Learn how to create ivy in Blender with this helpful tutorial by Filippo Veniero
Vegetation and plants can turn a flat image into a successful work, but created by hand, realistic ivy can become a nightmare even for an expert 3D artist. Luckily, we can use a Blender plug-in: IvyGen. This plug-in implements a procedural system that produces realistic ivy on our mesh. It's free and very easy to use, you can use it in Blender or as standalone software, and it is available here
. You'll find a standalone version for Linux, MacOS and Windows and a lot of good textures. This isn't a biological simulation of growing ivy but it produces complex and convincing vegetation.
Free tutorial resources
Free textures to accompany this tutorial are available here
Step 1: Scene setup
For this tutorial we'll use Suzanne (as usual). So, open Blender, delete the default cube and add a monkey (Shift+A > Mesh > Monkey). Add subsurf modifier and set level at 2 (Ctrl+2). Change shading to smooth. Add a plane (Shift+A > Mesh > Plane) and move below Suzanne. In edit mode (tab) select 2 vertex and extrude (E) along the z axis. Add some loop cut, subsurf modifier and set shading as smooth. Rotate Suzanne and place her on the plane like the image below.
Step 2: IvyGen
First of all, enable the IvyGen plug-in (File > User preferences > add-on > Add Curve: IvyGen). Then select Suzanne and jump to edit mode and select a vertex; snap the cursor to selected vertex (Shift+S > cursor to selected). Ivy will grow from this point.
In object mode, add a new curve and select Add Ivy to Mesh. Et voilà! Let's see the main options:
- Maximum Time: The time to run the ivy generation, very useful to prevent the computer from freezing (a long Ivy could use more than 3 million vertices).
Size Setting: In this tab we have the maximum ivy length settings in Blender units (1 blend unit = 1 meter) – the length of the ivy segments, maximum length of a branch without sticking to an object and how a branch will feel the effects of adhesion.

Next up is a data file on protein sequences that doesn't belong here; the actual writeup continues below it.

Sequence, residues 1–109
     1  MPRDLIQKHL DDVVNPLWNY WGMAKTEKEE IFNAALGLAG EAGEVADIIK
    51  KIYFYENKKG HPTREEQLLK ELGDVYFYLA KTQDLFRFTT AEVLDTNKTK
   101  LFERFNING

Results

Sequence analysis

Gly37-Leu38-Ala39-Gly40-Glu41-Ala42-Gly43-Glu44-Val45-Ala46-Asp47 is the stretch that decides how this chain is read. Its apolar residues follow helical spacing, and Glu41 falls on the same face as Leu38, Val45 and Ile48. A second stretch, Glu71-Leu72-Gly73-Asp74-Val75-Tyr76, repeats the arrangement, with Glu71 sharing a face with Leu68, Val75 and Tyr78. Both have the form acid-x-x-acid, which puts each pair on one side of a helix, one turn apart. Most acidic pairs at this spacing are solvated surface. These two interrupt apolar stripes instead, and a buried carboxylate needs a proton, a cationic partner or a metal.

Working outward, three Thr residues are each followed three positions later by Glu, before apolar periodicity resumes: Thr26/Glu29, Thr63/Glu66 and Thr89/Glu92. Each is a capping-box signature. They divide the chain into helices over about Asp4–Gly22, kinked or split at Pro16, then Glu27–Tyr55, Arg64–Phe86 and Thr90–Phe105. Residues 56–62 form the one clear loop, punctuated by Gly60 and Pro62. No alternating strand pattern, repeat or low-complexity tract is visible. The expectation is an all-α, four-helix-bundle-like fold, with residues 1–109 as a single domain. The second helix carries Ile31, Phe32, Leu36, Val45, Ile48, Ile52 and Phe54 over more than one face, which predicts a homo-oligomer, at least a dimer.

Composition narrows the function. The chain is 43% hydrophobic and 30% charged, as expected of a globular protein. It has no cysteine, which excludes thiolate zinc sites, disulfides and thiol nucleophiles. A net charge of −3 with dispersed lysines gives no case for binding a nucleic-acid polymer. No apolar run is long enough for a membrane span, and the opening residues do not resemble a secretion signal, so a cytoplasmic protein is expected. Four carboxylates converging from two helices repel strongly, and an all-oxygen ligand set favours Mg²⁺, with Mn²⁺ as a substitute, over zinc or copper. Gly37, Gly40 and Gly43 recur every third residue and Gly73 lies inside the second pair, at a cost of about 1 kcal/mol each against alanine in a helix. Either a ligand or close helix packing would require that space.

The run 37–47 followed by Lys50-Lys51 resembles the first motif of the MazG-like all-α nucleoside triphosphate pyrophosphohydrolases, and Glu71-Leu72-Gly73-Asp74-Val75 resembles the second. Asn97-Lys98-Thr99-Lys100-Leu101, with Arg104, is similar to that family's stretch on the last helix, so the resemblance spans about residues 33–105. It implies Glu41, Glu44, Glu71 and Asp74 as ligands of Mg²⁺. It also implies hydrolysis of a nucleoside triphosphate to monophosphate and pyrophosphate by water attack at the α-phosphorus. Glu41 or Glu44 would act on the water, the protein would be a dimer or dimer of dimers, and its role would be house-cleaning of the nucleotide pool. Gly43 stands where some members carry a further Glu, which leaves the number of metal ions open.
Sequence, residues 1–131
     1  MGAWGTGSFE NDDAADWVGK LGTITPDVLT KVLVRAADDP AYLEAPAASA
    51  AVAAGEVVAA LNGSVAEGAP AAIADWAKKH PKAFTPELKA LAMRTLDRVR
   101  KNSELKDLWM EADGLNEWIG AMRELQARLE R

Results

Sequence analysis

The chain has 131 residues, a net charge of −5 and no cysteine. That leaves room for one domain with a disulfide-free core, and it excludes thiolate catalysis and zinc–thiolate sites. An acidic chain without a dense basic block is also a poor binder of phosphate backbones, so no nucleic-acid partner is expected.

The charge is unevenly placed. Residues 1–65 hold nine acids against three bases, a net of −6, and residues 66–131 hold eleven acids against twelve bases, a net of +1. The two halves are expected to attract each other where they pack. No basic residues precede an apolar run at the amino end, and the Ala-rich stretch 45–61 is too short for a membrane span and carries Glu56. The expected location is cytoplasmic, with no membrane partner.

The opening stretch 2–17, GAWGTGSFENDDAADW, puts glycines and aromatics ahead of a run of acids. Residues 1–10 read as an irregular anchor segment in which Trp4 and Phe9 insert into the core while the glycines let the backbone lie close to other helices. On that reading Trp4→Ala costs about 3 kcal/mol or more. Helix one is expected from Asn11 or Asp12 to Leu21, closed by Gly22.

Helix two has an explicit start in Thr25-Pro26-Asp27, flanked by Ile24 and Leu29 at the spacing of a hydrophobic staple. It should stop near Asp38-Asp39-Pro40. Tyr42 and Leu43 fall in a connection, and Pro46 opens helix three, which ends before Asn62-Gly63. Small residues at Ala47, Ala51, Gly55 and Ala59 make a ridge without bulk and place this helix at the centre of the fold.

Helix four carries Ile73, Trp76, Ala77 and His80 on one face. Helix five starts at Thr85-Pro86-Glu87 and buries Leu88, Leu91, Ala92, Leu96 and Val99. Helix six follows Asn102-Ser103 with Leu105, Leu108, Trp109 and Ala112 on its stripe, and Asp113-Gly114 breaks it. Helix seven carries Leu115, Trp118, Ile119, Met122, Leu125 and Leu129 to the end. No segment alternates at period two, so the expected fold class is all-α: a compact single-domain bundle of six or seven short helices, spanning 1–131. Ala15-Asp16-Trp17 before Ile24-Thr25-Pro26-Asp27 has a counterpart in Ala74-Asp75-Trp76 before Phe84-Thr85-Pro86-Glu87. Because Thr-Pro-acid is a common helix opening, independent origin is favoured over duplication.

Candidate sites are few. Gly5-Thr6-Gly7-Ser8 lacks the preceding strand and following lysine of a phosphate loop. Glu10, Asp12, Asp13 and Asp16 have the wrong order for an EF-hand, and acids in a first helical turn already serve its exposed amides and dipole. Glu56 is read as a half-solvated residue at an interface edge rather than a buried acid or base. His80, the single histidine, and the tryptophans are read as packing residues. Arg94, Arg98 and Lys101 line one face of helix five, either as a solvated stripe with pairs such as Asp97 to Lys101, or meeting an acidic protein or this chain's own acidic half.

Weight Setting: Here, we can detail how the ivy will grow (how much growth is influenced by the force of gravity, adhesion to the object, primary direction along z axis or random direction). Don't forget that ivy will grow towards the selected object.
Branch Setting: Here, there are 2 fields: the first is the probability to create a new branch and the second is the size. The last tab is for the leaves settings: the size and probability of a leaf forming.
Step 3: Textures and materials
Select Cycles render engine and divide viewport into 3 parts; one for node setup; one for UV layout and the last for 3Dview. Select the leaves and add a new material. Connect the color input of diffuse material with a texture node (use the efeu0.jpg texture). Use UV texture co-ordinate (by default Blender UVs overlap all planes used as leaves).
Mix diffuse material with a glossy shader (95% diffuse and 5% glossy) and add the next texture node, select normal map image (efeu0_norm.jpg) set as non color data and connect with a normal map node. Now connect the normal output with the normal input of diffuse and glossy shader. Mix diffuse and glossy material with a transparent shader and use a black and white image (efeu0_alpha.jpg) as a mask.
The last thing to do is add a bump map; add another texture node (efeu0_bump.jpg) and connect with displacement input (I usually use a math node set to multiply to decrease the bump effect). I used a simple material for branch; a mix of diffuse brown and glossy (if you want to do a close-up render you could use some wood textures).
Select Suzanne, jump to edit mode and mark as seam all the vertices around the face, unwrap mesh (U) and add a new material. Use the marble texture as the color input for the diffuse shader and displacement input. If you want to change the color use a color mix node.